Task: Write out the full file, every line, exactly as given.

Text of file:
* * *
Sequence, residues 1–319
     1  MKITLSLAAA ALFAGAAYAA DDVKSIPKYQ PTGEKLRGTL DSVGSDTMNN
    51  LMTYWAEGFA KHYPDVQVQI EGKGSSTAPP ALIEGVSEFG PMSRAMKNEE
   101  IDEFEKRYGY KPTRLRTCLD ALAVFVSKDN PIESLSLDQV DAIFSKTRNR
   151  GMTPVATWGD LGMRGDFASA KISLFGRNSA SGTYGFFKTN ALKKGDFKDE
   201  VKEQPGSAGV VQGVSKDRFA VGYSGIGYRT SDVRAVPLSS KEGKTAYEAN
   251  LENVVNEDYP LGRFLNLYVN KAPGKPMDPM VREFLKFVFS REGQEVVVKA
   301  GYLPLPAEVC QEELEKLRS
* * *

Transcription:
Sequence, residues 1–319
     1  MKITLSLAAA ALFAGAAYAA DDVKSIPKYQ PTGEKLRGTL DSVGSDTMNN
    51  LMTYWAEGFA KHYPDVQVQI EGKGSSTAPP ALIEGVSEFG PMSRAMKNEE
   101  IDEFEKRYGY KPTRLRTCLD ALAVFVSKDN PIESLSLDQV DAIFSKTRNR
   151  GMTPVATWGD LGMRGDFASA KISLFGRNSA SGTYGFFKTN ALKKGDFKDE
   201  VKEQPGSAGV VQGVSKDRFA VGYSGIGYRT SDVRAVPLSS KEGKTAYEAN
   251  LENVVNEDYP LGRFLNLYVN KAPGKPMDPM VREFLKFVFS REGQEVVVKA
   301  GYLPLPAEVC QEELEKLRS